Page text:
On Amazon, the mass market paperback version is $8.99, and the ebook version is $8.54. That’s just silly. Yes the ebook is less expensive than the print book, but not by much. I’m not going to buy an ebook for $8.54. In fact, I generally don’t buy ebooks that are more than $4. I can get the print book used for about $4 after shipping, so that’s what I’m going to do.
This has an interesting side-effect. If the ebook was priced lower, say at $4, I would buy that instead, and the author, Terry Goodkind, would get a percentage of that sale. But because the price of the ebook is so high, I’ll be buying it used. The person I buy the used book from will get the money, and the author won’t get any of it.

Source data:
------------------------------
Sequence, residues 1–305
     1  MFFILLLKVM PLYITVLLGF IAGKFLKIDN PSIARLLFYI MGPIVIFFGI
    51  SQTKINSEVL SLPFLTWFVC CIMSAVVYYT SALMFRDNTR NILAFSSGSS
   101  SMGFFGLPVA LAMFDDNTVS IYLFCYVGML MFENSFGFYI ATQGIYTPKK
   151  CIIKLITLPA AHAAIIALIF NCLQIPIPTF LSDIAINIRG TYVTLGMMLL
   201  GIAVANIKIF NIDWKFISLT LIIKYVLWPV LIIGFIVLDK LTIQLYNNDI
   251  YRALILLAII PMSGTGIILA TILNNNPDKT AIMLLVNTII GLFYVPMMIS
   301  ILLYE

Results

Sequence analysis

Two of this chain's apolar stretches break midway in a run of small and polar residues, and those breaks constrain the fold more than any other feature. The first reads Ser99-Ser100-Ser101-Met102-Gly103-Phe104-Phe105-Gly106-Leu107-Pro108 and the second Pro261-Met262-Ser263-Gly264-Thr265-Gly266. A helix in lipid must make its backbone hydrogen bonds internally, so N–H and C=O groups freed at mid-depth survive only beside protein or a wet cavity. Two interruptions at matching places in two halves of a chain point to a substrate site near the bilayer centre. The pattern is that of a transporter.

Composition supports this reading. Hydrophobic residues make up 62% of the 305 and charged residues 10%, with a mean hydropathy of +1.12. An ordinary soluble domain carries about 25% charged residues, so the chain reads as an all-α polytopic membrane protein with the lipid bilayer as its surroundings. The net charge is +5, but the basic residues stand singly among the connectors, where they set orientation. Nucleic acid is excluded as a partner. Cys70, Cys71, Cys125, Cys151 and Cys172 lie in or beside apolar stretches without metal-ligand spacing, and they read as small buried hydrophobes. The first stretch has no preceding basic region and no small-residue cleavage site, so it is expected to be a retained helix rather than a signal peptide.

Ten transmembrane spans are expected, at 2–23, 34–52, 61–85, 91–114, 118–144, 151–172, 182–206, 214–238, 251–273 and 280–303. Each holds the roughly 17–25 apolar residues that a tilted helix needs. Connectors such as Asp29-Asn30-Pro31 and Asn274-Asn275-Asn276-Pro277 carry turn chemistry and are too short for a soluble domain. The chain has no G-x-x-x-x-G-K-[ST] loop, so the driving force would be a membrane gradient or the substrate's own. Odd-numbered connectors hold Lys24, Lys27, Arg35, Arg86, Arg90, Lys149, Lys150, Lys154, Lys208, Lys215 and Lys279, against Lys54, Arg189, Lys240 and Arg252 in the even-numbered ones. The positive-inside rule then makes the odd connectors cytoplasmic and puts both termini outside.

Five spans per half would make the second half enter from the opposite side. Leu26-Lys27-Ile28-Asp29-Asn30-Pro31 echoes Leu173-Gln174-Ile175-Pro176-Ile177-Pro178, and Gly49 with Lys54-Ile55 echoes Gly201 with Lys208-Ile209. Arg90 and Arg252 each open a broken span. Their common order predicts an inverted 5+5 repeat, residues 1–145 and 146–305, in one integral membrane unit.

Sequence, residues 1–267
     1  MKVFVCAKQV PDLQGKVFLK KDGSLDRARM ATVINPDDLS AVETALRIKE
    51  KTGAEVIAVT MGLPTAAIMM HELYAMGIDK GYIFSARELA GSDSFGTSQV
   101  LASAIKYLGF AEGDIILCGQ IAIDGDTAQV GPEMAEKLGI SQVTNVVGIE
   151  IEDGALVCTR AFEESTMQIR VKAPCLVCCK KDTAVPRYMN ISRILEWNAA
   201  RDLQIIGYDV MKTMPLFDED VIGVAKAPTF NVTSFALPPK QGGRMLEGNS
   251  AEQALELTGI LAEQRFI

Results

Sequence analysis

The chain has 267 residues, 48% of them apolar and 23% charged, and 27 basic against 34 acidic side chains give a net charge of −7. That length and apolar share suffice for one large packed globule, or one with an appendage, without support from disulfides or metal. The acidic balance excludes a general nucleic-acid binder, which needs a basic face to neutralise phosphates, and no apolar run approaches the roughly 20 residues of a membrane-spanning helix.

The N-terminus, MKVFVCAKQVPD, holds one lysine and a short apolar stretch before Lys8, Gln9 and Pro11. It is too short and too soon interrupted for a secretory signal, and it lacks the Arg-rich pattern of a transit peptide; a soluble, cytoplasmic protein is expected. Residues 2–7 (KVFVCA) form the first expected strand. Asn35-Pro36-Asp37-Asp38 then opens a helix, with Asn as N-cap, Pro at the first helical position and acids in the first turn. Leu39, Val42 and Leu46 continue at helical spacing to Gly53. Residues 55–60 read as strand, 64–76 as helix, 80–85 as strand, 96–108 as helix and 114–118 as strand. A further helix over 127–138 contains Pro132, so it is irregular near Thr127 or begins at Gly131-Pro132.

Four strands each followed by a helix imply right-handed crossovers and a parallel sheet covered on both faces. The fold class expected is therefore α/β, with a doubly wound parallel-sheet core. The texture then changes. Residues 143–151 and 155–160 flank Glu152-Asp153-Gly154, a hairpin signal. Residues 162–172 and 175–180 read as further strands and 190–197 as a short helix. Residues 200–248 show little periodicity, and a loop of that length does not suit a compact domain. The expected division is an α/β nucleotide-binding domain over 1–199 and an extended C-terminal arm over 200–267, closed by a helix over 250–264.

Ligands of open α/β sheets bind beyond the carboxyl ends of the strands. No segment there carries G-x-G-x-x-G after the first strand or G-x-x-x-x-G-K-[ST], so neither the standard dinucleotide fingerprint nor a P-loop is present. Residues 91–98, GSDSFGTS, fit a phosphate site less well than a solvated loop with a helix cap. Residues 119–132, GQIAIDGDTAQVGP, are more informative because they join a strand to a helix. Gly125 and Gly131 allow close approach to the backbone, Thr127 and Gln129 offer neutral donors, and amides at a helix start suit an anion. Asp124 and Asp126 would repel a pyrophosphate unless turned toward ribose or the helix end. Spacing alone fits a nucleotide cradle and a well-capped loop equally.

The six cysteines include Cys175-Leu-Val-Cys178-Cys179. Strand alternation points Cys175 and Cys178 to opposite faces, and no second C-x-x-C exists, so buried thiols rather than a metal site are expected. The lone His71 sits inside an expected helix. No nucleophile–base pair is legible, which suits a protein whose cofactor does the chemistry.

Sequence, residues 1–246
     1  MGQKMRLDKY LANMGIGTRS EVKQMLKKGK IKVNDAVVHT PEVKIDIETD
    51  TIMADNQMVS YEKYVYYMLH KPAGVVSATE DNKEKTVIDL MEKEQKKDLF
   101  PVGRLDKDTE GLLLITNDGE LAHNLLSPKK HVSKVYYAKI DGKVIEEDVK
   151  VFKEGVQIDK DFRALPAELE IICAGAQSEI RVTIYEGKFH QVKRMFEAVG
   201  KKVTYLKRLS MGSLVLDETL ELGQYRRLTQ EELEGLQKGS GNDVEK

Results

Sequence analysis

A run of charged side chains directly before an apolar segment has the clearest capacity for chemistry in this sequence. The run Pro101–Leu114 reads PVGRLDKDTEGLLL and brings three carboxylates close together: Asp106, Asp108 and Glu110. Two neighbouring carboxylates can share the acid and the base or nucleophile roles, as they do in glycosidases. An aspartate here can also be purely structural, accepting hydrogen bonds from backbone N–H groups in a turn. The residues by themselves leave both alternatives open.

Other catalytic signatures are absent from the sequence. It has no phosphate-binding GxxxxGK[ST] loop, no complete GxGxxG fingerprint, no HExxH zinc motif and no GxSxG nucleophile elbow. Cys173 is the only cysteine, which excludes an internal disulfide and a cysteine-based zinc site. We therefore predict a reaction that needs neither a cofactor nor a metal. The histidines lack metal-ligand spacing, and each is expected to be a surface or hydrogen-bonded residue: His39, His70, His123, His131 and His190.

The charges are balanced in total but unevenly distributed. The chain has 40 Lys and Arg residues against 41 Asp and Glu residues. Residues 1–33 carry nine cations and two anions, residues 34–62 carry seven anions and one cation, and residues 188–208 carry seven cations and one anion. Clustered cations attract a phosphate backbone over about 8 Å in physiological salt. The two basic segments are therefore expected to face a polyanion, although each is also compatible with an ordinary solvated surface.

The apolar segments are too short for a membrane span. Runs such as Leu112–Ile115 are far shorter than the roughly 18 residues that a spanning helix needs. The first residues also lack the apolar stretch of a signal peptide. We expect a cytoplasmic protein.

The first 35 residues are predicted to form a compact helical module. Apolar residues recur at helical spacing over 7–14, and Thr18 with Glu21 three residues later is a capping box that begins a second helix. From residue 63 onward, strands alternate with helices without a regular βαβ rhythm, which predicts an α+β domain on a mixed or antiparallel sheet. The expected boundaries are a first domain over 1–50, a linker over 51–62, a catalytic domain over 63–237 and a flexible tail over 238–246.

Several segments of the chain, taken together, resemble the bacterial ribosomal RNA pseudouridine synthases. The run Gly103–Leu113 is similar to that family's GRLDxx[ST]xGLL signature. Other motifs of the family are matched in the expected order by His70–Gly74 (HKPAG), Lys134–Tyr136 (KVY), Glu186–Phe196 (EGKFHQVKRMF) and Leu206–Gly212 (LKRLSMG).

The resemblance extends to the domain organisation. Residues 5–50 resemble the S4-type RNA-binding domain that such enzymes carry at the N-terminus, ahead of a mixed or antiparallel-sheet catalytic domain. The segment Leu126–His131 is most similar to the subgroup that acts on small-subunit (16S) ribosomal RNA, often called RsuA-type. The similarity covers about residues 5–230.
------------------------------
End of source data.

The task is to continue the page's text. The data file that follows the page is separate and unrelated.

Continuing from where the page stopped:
I know the author isn’t in charge of the ebook’s price, the publisher is, because he published through a publisher instead of publishing directly. But if the ebook price was set more reasonably the author and the publisher would be making more sales, and more money, than they’re otherwise making. As it is, my sale is going to the used book market.